21st Century Learning | CT 2011 Coverage
Page 3 of 2
Rethinking the LMS
What's the future of the learning management system? What's its place in higher education environments of the 21st century? Will it even have a place in the coming years?
A panel of educators and vendors delved into those questions during a well attended session at the Campus Technology 2011 conference Wednesday. Of course, they came no closer to a final answer than the rest of the world, but their insights and arguments provided a rich, big-picture view of a question that a growing number of colleges and universities are asking.
"I'm inclined to say that the LMS has no future," said Gary Brown, director of the Center for Online Learning at Portland State University, "unless we understand that there are more valuable aspects of what's happening in instruction than what LMSes have supported today."
Brown was developing online collaboration learning spaces before there was such a thing as an LMS. He was lead developer of TLT Group's Flashlight Online, and he has built several online educational tools. He co-directs the AAEEBL ePortfolio organization and is a senior fellow with the Association of American Colleges and Universities working with the VALUE project.
Brian Whitmer was a bit more hopeful about the prospects for the LMS. In fact, he and fellow Brigham Young University grad student Devlin Daily founded an LMs company called Instructure in 2008 to develop and market their Canvas system.
"We felt that the learning management system had fallen into this rut of static content," Whitmer said. "We felt strongly that the human component had gotten lost. When we developed Canvas, we made sure that the communication between students and teachers would happen, but also that the student-to-student communication would happen on its own, whether or not the instructors were leveraging all of the features of the LMS."
The LMS won't disappear, he added, but it will probably evolve into more of a hub of resources, and that's something that universities are going to continue to want."
Phill Miller, vice president of product strategy for Moodlerooms, said that the LMS has "a great simplification" in its future. He said he expects a schools increasingly to demand solutions that allow them to do only what they do most often, but really well. "At least I hope that that's the future of the LMS because, if it's not, we're going to spend hours and hours and lots of resources trying to extend the LMS to be everything to everybody. And that's a problem."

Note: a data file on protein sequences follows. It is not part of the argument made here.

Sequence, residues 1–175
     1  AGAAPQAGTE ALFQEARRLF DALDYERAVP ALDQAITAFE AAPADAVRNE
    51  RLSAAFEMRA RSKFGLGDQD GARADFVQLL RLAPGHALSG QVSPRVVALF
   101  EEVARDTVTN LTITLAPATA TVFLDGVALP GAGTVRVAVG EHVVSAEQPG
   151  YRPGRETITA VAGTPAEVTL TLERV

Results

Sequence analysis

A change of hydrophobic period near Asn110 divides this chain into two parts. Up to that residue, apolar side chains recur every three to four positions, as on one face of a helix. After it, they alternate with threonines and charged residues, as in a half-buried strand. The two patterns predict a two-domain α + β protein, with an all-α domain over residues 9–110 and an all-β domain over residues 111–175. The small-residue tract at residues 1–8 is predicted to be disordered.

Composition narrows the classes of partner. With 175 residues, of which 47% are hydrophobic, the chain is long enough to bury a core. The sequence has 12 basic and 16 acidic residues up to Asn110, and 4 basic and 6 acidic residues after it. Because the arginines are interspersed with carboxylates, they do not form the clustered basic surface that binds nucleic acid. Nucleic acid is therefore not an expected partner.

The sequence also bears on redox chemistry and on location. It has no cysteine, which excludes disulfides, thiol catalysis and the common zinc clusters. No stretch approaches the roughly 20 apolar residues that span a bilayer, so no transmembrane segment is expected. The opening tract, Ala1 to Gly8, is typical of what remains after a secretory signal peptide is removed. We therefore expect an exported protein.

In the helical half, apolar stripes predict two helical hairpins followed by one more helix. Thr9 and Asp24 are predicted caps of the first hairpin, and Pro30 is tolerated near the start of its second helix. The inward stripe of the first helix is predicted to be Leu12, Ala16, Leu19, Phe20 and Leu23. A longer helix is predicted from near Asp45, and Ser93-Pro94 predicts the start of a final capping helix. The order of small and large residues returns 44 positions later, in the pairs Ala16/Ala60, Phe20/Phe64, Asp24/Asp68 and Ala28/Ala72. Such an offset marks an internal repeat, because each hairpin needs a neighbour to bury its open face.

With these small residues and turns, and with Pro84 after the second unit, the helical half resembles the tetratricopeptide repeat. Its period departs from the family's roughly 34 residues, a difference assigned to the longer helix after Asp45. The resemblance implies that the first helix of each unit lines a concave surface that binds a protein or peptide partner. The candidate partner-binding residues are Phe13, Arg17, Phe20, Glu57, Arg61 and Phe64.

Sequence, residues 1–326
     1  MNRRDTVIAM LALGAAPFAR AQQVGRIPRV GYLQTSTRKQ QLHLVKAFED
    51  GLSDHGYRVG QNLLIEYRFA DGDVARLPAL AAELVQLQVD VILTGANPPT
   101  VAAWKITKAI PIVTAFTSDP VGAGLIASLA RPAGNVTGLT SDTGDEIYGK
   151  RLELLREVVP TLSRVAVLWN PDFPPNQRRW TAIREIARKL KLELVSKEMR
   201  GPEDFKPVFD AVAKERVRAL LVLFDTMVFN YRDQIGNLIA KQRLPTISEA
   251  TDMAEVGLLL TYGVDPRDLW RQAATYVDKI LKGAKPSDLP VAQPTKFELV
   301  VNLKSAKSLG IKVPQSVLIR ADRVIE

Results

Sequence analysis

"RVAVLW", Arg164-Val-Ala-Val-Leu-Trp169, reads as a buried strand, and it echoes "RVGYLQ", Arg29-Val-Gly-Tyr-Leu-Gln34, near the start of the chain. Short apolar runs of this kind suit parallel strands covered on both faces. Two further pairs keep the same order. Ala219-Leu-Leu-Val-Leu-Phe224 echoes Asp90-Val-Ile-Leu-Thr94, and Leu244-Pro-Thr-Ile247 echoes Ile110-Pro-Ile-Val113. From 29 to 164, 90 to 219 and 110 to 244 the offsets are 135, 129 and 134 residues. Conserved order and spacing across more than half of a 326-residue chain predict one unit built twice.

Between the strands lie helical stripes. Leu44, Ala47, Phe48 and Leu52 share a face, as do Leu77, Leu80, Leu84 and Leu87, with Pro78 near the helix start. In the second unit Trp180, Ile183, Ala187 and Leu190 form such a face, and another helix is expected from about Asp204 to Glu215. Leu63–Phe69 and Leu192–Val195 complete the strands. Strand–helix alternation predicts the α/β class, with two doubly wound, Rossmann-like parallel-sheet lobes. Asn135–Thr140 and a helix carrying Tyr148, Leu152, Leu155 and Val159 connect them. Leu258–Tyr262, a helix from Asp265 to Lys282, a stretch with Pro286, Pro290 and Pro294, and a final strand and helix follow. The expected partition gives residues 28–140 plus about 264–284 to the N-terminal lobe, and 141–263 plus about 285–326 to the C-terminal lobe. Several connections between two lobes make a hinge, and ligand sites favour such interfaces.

Moodlerooms is the maker of joule, a learning management platform with open-source Moodle at its core.
Lucy Appert, director of educational technology for New York University, agreed with Miller. She said that the LMS has suffered from a tendency among users to want it to do too much with it.
"The LMS is a place in an ecosystem," she said. "People shouldn't try to leverage too much on one particular environment. I think the LMS has suffered from that. That's how you get a list the length of your arm, and it begins to institutionalize practices and pedagogies.... One of the things that faculty members have rebelled against is how the technology has forced people to think in particular ways."
"It's a legacy of where technology was at the time it was developed," she added. "But with Web 2.0, multiple points of access have opened up for students."
Appert co-chairs NYU's joint faculty and IT task force directing the NYU Sakai OAE project, and she leads the User Reference Group (URG) for the Sakai OAE Community Project. According to the project Web site, Sakai OAE is a new Sakai platform that "re-imagines technology-supported teaching learning and research, creating an open academic environment."
Mark Frydenberg, senior lecturer of computer information systems at Bentley University, said that if educators were honest, they'd have to admit that most use an LMS mainly "as a place to put stuff." He said that alternative solutions that allow students to create materials for classes could supplant the LMS.
"One of the things that concern me about using a traditional LMS in my classes is that the first thing students see on my Blackboard home page is 'Announcements,'" he said. "I'm the only person who can add an announcement. If my students want to share something with other members of the class, they can't do it there. They have to go to the discussion boards three pages deep where nobody is going to find it."
Frydenberg is a technology educator who introduced a new multidisciplinary course at Bentley designed to bring together students in business and liberal arts disciplines to explore the strategic and societal influences of Web 2.0 tech. He's also the author of Web 2.0 Concepts and Applications.
The panel discussion (entitled "Quo Vadis, LMS?") was in some respects a continuation of a conversation started in the July 2011 issue of Campus Technology magazine, noted the panel's moderator and the magazine's executive editor, Andrew Barbour. "It was so compelling that we decided to continue it here," he said.
John K. Waters is a freelance journalist and author based in Palo Alto, CA.